4)  Move the rib from the side of the hook facing you to the opposite side.  This will help keep the rib on the bottom of the hook and even over to the other side a little while you tie in the rib under the hook the entire length of the hook. The Gold Ribbed Hare's Ear - Step by Step
5)  Wrap the tread down the hook shank binding in the rib.  Stop when you are past the hook point but before the barb of the hook. The Gold Ribbed Hare's Ear - Step by Step
6)  Cut out a section of Hare’s Mask fur and clean out the underfur.  Tie in the guard hair where the thread is hanging with just a few wraps up the hook shank. The Gold Ribbed Hare's Ear - Step by Step
7)  If the butt ends of the hairs extend into and past the hook eye, you will want to trim them back to the length of the body. The Gold Ribbed Hare's Ear - Step by Step
8)  Bind in the butt end of the tail and take the thread back to between the point of the hook and the barb of the hook. The Gold Ribbed Hare's Ear - Step by Step
9)  Cut out some of the lighter hair from the Hare’s mask and remove the guard hairs.  Use the remaining underfur to make a 1 1/2 inch to 2 inch long dubbing noodle on the thread.  Make certain to taper the noodle so it is sparser towards the hook. The Gold Ribbed Hare's Ear - Step by Step
10)  Apply the dubbing noodle to form the abdomen of the fly.  You will want the abdomen to be tapered, meaning narrow in the back by the tail and gradually getting larger until you are just past the half way point on the hook shank. The Gold Ribbed Hare's Ear - Step by Step
11)  Palmer the rib around the abdomen.  When completed you should have about 4 turns of the rib around the abdomen by the time you get to the thread.  Secure the remaining rib material and cut away the excess. The Gold Ribbed Hare's Ear - Step by Step
12)  Cut out a slip of turkey tail that has about 6 to 7 barbs in it.  Tie in the butt ends in front of the abdomen and wrap the thread down the hook shank to bind in the wingcase and end up right at the forward end of the abdomen. The Gold Ribbed Hare's Ear - Step by Step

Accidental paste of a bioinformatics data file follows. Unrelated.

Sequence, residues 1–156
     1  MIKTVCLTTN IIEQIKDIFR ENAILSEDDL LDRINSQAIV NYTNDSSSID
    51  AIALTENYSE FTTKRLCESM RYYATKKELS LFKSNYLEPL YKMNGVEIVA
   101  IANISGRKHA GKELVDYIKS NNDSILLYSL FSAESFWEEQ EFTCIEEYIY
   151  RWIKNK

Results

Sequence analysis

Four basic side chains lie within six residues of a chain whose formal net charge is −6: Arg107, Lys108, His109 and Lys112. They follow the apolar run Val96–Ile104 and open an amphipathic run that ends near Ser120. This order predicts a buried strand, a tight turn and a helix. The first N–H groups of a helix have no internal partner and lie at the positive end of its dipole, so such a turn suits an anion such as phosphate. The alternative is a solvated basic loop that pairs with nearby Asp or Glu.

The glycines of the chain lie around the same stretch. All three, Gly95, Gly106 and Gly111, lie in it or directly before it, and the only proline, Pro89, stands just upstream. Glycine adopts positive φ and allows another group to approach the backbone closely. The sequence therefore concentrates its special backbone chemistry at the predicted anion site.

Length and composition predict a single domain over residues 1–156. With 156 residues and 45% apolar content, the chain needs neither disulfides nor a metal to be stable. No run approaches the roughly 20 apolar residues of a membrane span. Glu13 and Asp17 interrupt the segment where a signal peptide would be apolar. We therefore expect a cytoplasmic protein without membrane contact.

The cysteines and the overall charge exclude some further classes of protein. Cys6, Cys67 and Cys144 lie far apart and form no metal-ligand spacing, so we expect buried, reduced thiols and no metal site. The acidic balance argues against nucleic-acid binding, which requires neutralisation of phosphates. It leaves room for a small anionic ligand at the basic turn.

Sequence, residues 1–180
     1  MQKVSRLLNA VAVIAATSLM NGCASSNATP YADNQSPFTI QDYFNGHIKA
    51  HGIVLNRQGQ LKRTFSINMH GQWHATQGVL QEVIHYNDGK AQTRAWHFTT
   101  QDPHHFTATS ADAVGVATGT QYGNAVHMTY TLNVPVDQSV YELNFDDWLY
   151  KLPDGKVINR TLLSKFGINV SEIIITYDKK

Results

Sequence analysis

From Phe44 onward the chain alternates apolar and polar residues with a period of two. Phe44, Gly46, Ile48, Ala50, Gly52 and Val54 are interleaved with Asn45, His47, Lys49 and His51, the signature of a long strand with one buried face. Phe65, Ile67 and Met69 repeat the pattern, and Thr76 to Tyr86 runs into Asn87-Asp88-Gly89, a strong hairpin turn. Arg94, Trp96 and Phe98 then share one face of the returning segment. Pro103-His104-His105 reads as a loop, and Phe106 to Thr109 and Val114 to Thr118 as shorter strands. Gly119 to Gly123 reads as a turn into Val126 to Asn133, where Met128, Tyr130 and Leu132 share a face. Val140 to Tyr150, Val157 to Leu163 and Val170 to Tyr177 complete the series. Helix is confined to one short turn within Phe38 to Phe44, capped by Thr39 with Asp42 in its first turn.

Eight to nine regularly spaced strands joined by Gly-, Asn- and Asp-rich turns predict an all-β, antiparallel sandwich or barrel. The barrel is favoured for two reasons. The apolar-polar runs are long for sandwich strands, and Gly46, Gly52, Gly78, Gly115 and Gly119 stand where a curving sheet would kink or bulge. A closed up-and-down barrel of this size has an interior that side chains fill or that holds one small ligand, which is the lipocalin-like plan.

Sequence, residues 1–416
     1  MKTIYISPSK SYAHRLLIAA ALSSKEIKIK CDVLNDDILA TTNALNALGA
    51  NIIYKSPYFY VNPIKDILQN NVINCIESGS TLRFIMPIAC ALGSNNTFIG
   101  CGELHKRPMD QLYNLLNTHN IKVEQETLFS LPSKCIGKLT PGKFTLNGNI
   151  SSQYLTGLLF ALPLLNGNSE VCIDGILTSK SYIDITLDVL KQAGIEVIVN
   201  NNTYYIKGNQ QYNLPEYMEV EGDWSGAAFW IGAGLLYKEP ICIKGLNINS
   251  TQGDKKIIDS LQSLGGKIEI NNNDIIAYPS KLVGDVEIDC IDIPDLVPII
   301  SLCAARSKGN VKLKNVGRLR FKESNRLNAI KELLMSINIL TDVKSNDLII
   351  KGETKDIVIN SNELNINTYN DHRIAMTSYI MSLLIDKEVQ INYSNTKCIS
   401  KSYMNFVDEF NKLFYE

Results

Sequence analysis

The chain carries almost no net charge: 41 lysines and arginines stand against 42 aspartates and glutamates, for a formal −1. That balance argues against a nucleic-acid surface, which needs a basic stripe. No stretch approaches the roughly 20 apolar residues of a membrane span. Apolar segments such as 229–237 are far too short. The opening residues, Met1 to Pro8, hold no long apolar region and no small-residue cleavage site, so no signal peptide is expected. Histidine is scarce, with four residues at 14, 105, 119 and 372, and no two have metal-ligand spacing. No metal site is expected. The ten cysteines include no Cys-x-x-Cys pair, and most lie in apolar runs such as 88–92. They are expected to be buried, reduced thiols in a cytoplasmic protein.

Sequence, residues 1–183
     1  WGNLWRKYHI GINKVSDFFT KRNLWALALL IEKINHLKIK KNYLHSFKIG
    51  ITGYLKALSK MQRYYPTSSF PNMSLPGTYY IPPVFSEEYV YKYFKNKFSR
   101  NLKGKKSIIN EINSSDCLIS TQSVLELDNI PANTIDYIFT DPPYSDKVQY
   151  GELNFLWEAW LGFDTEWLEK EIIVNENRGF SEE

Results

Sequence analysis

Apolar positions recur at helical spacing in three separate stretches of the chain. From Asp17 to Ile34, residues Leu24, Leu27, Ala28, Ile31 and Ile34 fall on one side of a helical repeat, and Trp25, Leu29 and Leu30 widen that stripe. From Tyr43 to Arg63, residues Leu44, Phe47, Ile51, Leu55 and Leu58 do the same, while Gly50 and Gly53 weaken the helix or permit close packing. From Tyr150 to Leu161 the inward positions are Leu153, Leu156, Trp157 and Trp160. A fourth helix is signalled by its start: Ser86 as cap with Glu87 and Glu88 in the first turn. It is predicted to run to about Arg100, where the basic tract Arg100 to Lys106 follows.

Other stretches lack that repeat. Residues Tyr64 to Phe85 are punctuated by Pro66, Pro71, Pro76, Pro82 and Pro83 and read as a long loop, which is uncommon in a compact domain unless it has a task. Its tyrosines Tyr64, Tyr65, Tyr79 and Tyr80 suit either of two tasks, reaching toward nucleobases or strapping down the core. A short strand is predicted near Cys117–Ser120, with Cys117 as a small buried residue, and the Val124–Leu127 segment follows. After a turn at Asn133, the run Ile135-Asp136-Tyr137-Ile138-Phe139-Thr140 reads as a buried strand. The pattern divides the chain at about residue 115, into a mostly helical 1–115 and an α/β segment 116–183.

13)  Cut out a clump of darker fur from the Hare’s mask and mix the guard hairs and underfur together.  Use this to make a 2 inch dubbing noodle on the thread. The Gold Ribbed Hare's Ear - Step by Step
14)  Wrap the dubbing noodle you just created onto the hook starting where the abdomen ended and continue to just behind the eye of the hook. The Gold Ribbed Hare's Ear - Step by Step
15)  With the thread just behind the eye of the hook, fold the wingcase over the back of the thorax and extending out in front of the fly.  It should be directly over the back of the thorax not off to one side.

The Gold Ribbed Hare's Ear - Step by Step

The Gold Ribbed Hare's Ear - Step by Step
16)  Secure the wingcase to the hook with three or four turns of thread right behind the eye of the hook and trim away the remaining turkey tail fibers. The Gold Ribbed Hare's Ear - Step by Step
17)  Make a small head to cover up any materials behind the eye of the hook and add a four or five turn whip finish to secure the thread. The Gold Ribbed Hare's Ear - Step by Step
18)  Once you have trimmed away the thread you will want to take a dubbing brush, if you have one, or use the end of your bodkin to tease out some of the guard hairs and/or underfur under the thorax.  These will act as legs for the nymph.

The Gold Ribbed Hare's Ear - Step by Step

The Gold Ribbed Hare's Ear - Step by Step
19)  Once you have the legs teased out for the fly add a drop of head cement to the threads behind the eye of the hook and the fly is complete. The Gold Ribbed Hare's Ear - Step by Step

If you prefer, there is a video on tying this fly.  I recommend you watch the video even if you prefer the step-by-step directions as the video can clarify some of the steps.

Feel free to leave a comment or question below.  If you would like, you can purchase some Gold Ribbed Hare’s Ear Nymphs here (while supplies last).

Always Remember…It’s Fly Tying… If You’re Not Having Fun, You’re Doin’ it Wrong!